LUKE, The Secret Romantic: Basic is just being into whatever is popular at the present moment: music festivals, wine, whiskey, running 5ks, charity, raising money with social media campaigns, popular TV series, getting really passionate about current social issues mostly because they’re current social issues.
MIRANDA, The Career Woman: If I can see your cell phone in your photo, like you’ve taken it in a mirror—you don’t even know how to take a cell phone picture? Get outta here.
MOLLY, The Mormon: If they put a lot of emoticons. If they put an inspirational quote.
LUKE, The Secret Romantic: A woman who’s basic would probably just repeat the tropes of Tinder pictures: going out with the gang, their dog, their family, or doing an activity like shooting a gun.
MIRANDA, The Career Woman: No babies.
KATHERINE, The Adwoman out for Ass: [swiping] This guy has a podcast. I can’t date someone who has a podcast.
MOLLY, The Mormon: No bro-douche-frat guys.
MICK, The Lothario: It doesn’t matter how pretty a girl is. If she doesn’t have any body photos on Tinder, I just assume she’s fat.
MOLLY, The Mormon: A bro is a guy who thinks he is more attractive than he really is. A douche is a bro who really just doesn’t give a crap and thinks he can treat women however he wants.
MICK, The Lothario: Recently, I realized I had too many shirtless photos. I noticed a lot of girls on OKCupid specifically say ‘no shirtless selfies.’ Two of my four Tinder photos were shirtless. Luckily, they were also travel photos. All girls romanticize traveling. I’m gonna add one of me in a suit and tie, just to make it seem like I’m less of a bro, so I can hit all my angles.
MIRANDA, The Career Woman: No pictures of you as a groomsman. You went to a wedding once and that’s the only time you wore a suit? Get outta here. No cosplay, obviously. No museums, like ooh you look at art, thank you for showing me.
MOLLY, The Mormon: No pictures at the gym, shirtless pics at the mirror, on a motorcycle, at a sporting event, holding a gun, or pictures of them with girls in bikinis.
MICK, The Lothario: A bro or a douchebag: they’re guys who many girls hate. But many girls secretly have sex with them and just don’t tell their friends.
PETER, The Grindr Veteran: Any message that’s like “DTF?” It’s like, nope.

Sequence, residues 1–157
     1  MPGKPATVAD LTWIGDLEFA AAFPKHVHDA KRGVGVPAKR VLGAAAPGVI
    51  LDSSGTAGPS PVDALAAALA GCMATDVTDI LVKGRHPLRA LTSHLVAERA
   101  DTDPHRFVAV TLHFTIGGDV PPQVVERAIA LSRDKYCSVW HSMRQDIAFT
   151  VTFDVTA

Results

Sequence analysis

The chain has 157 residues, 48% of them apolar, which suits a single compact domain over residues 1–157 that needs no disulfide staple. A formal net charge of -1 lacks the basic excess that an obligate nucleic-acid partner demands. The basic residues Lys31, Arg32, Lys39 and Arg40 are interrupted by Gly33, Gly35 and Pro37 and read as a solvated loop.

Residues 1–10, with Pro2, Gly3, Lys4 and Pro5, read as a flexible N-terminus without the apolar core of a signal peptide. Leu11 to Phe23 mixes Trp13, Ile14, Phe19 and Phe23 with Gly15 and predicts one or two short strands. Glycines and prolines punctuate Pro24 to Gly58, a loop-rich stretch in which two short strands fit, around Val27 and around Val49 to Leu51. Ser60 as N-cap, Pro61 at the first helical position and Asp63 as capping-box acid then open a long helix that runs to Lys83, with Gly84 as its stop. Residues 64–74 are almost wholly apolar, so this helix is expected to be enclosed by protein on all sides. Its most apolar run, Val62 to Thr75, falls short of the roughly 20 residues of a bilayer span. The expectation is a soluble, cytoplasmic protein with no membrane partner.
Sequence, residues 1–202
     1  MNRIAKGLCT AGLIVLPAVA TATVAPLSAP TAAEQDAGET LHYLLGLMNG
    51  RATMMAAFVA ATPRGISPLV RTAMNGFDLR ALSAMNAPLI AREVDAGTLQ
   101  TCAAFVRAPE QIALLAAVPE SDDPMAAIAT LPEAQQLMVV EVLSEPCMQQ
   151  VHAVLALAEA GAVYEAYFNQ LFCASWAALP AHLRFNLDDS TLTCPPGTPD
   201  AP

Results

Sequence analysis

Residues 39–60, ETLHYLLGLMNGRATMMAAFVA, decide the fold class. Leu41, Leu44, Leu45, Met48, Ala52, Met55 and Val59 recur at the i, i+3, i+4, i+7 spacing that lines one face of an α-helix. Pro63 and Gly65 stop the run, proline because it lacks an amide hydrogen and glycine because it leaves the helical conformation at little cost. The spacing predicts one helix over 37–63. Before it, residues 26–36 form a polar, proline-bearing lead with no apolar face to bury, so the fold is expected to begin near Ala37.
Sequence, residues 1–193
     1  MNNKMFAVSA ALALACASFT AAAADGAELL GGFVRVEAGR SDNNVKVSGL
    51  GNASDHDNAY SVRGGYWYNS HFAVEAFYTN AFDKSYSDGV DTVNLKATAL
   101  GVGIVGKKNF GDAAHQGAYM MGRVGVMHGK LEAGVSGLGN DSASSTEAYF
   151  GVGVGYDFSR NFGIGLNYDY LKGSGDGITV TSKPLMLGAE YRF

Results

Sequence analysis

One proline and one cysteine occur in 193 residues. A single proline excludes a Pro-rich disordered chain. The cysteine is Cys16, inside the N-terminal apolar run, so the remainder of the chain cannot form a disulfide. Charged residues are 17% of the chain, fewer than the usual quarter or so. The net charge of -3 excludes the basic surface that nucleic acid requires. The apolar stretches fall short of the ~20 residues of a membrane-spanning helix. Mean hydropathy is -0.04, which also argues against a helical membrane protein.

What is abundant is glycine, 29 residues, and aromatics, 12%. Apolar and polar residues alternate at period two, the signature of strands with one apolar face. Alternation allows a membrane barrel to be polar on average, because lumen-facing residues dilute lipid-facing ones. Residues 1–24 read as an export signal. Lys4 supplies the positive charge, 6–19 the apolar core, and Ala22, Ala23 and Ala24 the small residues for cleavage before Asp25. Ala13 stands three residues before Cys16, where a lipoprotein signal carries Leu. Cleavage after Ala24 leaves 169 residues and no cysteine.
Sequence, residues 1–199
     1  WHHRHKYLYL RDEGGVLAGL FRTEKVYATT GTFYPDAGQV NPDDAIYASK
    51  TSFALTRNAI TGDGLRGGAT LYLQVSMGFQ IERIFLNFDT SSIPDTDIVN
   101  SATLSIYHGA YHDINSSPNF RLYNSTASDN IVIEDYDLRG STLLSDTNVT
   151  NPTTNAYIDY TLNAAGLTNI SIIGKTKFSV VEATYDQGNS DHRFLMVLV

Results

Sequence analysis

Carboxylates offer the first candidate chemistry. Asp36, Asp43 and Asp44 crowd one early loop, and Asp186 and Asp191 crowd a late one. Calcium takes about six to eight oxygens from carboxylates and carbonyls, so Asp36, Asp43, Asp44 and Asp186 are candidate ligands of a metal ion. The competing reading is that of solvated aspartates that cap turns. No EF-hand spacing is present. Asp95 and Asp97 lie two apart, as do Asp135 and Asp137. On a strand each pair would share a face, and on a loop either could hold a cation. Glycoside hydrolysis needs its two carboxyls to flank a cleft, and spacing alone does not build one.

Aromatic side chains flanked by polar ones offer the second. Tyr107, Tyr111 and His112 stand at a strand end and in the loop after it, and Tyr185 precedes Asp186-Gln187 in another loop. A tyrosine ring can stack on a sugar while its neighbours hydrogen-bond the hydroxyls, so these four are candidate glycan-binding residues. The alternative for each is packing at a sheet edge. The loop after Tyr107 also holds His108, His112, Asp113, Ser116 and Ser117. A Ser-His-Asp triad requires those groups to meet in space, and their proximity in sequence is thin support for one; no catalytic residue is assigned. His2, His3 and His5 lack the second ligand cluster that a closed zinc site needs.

MIRANDA, The Career Woman: No Burning Man.
KATHERINE, The Adwoman out for Ass: [swiping] This guy has a newsboy cap on in this picture. Is anything more of a boner killer than a newsboy cap?
LUKE, The Secret Romantic: You in a third world country holding a child with dark skin is not gonna attract me.
NICOLE, The Over-Thinker: [swiping] Here is a big hairy man dressed as Wonder Woman and he is with a bunch of other guys. And he did Santa Con so that tells me this will not even possibly ever work out.
PETER, The Grindr Veteran: Sometimes people do, like, a big lead up to it where they’re like, ‘How’s your evening?’ ‘It’s fine I’m about to go to bed.’ And then, ‘Want some company??’ Oh my god, no! Worst line ever, stop it.
MIRANDA, The Career Woman: No pictures of you performing. No photos of you on set. Photos of you holding a boom mic? No thank you. That’s probably an LA thing.
KATHERINE, The Adwoman out for Ass: [swiping] That guy has gay face.
PETER, The Grindr Veteran: I think anybody who is publicly disclosing—as they should, as they absolutely must do—if you are HIV positive. Chances are it is not happening.
MOLLY, The Mormon: If they don’t put a description at all—not even a ‘hey, swipe right!’—then it feels like they’re not trying.
NICOLE, The Over-Thinker: [swiping] There is a point where too many shared interests are a turn-off, or I think this person is just an asshole. If you like the New York Review of Books and n+1 and Harpers or any stupid literary magazine, it’s like I know this person in real life and they are just impossible.
MIRANDA, The Career Woman: No head-shots.
KATHERINE, The Adwoman out for Ass: [swiping] This guy’s too white. He’s blonde and kind of cute, and he seems aware of the fact that he looks like a Christian missionary (profile says: “This is not an ad for Christian Mingle. 5’10”). But I don’t know, this homosocial pic, this v-neck…
MOLLY, The Mormon: If they’re smoking, or drinking, or smoking weed.
NICOLE, The Over-Thinker: [swiping] If he’s in a start-up, that’s a dealbreaker. That work requires a level of arrogance that I am not willing to deal with.
RACHEL, The Femme: I’m very specific in what I want from someone on OKCupid. I know this isn’t fair, like this is just about using the questions to narrow down people who are from a similar background. But I’m disappointed when people don’t know what “wherefore art thou Romeo?” means. They think it means ‘where’ instead of ‘why.’
NICOLE, The Over-Thinker: [swiping] This guy’s profile says, ‘When you have big dreams it is imperative to have a woman with vision.’ Anyone who references what kind of woman they want—maybe I don’t want to be a woman who fits a guy’s ‘about me.’
PETER, The Grindr Veteran: I don’t think a headless torso is a dealbreaker, but it tends to be like, ‘Do you wanna come over? Can I come over? Let’s just do this now and then forget about it.’
MICK, The Lothario: If a girl is a trash heap—like if she has a boob tattoo—I’m probably not gonna date her. But I will have sex with her.
KATHERINE, The Adwoman out for Ass: [swiping rapidly] It’s empowering because guys do this to women all the time. Now I get to do it to guys! It makes me feel better.
RACHEL, The Femme: On OKCupid I scour the profiles. On Tinder, the dealbreaker is just me not being attracted to someone.
GREG, The Adman out for Ass: All women have is dealbreakers. You just need to get through the fucking Mission Impossible-style lasers of their dealbreakers to get in there.
Part IV: Swiping Right; Winning
ALEXANDER, The Virgin: I was Tindering one day in a café in Evanston. I walked out and there was this cute gay guy jogging by who winked at me. It was this moment of realizing that I’d lost some weight, that I was well-dressed. I wasn’t this 310-pound monument to human awkwardness that I was at 13. I just wasn’t that person anymore.